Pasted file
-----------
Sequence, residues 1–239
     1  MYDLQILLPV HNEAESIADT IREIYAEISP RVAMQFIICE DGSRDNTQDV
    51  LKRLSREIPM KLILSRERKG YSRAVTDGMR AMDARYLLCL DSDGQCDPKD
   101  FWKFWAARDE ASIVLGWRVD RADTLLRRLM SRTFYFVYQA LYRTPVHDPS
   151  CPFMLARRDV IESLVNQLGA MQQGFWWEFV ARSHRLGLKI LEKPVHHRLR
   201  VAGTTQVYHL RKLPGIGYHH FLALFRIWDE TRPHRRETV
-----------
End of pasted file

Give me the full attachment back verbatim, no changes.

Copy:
Sequence, residues 1–239
     1  MYDLQILLPV HNEAESIADT IREIYAEISP RVAMQFIICE DGSRDNTQDV
    51  LKRLSREIPM KLILSRERKG YSRAVTDGMR AMDARYLLCL DSDGQCDPKD
   101  FWKFWAARDE ASIVLGWRVD RADTLLRRLM SRTFYFVYQA LYRTPVHDPS
   151  CPFMLARRDV IESLVNQLGA MQQGFWWEFV ARSHRLGLKI LEKPVHHRLR
   201  VAGTTQVYHL RKLPGIGYHH FLALFRIWDE TRPHRRETV